“It was one of the most intriguing and frustrating cases I’ve ever worked,” recalled Foria, who retired in 2016 and sat down with the Sun-Times recently to fill in the gaps of a police report obtained by the Sun-Times.
Foria arrived at the store pre-dawn on Christmas Day. A lack of footprints in the debris on the safe room floor confirmed the men never stepped inside. Video later confirmed this.
But something caught Foria’s eye on the safe room floor — droplets spattered on the dusty surface of collapsed ceiling panels.
“What’s this here? This is sweat,” he recalled thinking. “It must have rolled off their faces while they looked into the safe room,” he said.
A sample was sent for DNA analysis and ultimately returned a genetic profile police could use to match against potential suspects.
Harry Winston flew in a security agent to Chicago to assist the investigation.
Dumb luck, they determined, foiled the heist. A blow from a sledge hammer shook a painting or window blind in a room above the area where the men were laboring, triggering an alarm.
Foria quickly began to suspect an inside job.
A telltale had been discovered during construction three weeks before the opening.
Someone had placed a resistor on a wire leading to a sensor on a second floor stairwell that “would allow the security system to appear to be functioning when computer checks were performed; however, if someone or something had breached that specific area, the sensor would not show the interruption,” according to the police report.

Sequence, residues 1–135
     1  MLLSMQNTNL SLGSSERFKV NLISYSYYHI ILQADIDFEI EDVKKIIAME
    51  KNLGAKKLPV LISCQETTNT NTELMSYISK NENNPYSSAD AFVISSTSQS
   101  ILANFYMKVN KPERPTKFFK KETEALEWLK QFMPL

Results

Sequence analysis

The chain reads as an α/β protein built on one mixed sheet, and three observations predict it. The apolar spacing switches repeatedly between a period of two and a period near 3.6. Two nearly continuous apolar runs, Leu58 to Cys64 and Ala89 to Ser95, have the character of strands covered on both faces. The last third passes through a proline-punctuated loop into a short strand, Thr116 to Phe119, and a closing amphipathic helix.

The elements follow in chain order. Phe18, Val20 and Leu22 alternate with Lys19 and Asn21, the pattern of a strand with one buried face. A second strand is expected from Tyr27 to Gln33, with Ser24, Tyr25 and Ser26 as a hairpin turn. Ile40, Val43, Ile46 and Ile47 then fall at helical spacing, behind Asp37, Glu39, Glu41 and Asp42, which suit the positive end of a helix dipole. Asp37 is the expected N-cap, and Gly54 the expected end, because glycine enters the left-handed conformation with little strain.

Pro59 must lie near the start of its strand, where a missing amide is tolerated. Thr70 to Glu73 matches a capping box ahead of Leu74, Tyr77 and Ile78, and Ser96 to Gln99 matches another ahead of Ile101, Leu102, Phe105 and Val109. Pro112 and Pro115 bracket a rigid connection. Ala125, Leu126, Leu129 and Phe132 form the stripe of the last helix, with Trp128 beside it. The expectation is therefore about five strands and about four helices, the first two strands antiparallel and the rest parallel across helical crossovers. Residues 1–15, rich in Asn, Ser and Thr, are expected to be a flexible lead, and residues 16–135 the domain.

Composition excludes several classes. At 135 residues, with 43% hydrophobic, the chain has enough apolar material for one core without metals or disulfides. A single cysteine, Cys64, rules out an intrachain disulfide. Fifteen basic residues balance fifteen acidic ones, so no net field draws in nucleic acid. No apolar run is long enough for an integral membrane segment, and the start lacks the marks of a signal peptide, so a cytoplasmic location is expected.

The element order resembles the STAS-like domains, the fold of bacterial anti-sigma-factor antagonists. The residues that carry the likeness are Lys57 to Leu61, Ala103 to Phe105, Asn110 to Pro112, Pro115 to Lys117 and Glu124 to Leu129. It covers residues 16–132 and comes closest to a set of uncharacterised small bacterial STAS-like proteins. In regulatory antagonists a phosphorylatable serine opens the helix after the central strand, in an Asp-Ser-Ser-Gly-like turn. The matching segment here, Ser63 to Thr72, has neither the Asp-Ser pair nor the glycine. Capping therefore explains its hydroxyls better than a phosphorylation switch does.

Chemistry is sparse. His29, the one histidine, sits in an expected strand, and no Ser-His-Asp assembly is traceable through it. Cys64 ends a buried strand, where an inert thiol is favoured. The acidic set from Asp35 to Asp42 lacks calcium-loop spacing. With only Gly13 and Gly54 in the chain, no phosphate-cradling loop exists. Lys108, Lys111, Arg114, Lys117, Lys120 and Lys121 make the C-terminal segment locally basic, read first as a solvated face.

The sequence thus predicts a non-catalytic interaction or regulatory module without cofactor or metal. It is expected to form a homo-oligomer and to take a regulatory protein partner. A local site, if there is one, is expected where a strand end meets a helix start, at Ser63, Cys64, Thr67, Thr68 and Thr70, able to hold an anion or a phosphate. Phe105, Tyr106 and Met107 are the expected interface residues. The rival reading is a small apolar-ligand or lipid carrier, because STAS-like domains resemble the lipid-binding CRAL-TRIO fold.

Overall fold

The problem was fixed, and “this information was made privy to only a select few individuals,” the report states.
“There were other things, too,” Foria said. “They knew everything. Everything about the interior. They knew exactly where to go.”
“It reminded me of robbers in the movie ‘Ocean’s Eleven’ stepping over lasers . . . it was like the whole thing was from a movie or a book,” he said.
“They never looked directly at the security cameras. The best shot we had was the profile of one of the guys, and he was wearing a hoodie.”
Foria’s boss gave him to two weeks to focus solely on the case, a rarity.
The investigation uncovered a series of intriguing clues.
One discovery: a separate set of alarm sensors had been turned upside down, so they would detect movement on the ceiling, not the floor.
Between 50 and 100 workers had access to the store during construction. Scrutiny was given to electricians and alarm technicians.
Another clue: the video showed one of the burglars with a unique hand saw that Foria learned Eastern European laborers commonly brought with them to the United States.
Foria’s main suspect was the worker who installed the sensors found upside down.
The man agreed to meet Foria at the police station at Belmont and Western.
“He didn’t seem perplexed at all. He said he was with his girlfriend the night of the break-in and claimed anyone could have turned those sensors upside down after he installed them,” recalled Foria.
“I’d looked into this guy. He had financial problems that seemed to fit,” Foria said.
Foria handed the man the profile picture of one of the burglars.
“He laughed when I showed him the photo. He said, ‘This looks like me,'” Foria recalled.
The man agreed to a submit a DNA sample, but it wasn’t a match.
And the DNA profile drawn from the sweat droplets didn’t turn up any hits when compared at the time to a database of convicted felons.
The ‘Monumental Hit’ That Wasn’t
No charges were ever filed in the case.
The Harry Winston corporate offices declined to comment.
Foria still thinks about the case from time to time.
“If they had got off with it, it would have been a monumental hit,” he said.
It’s possible the DNA, if run though the system again, could yield a match — if one of the burglars has been convicted of a felony since the crime happened.
But it’s unclear if the DNA has ever been run again. And even if such a match were discovered, the statute of limitations — a three-year window — has expired.
“That one still haunts me,” Foria said.